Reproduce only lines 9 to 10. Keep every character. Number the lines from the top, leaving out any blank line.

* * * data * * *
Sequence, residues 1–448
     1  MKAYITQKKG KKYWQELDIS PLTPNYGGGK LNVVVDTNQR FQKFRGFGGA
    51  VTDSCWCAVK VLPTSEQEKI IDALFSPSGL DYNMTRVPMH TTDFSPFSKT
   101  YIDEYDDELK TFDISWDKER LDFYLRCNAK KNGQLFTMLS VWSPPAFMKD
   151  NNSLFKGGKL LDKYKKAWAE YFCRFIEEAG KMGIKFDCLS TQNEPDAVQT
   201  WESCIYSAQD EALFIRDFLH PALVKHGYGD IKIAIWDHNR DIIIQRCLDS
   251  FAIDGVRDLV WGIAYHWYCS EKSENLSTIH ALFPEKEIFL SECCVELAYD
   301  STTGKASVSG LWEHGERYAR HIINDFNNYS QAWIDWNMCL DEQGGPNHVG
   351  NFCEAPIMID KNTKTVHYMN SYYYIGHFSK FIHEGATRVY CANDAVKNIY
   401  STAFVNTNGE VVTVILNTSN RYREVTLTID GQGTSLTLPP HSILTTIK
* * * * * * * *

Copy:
   351  NFCEAPIMID KNTKTVHYMN SYYYIGHFSK FIHEGATRVY CANDAVKNIY
   401  STAFVNTNGE VVTVILNTSN RYREVTLTID GQGTSLTLPP HSILTTIK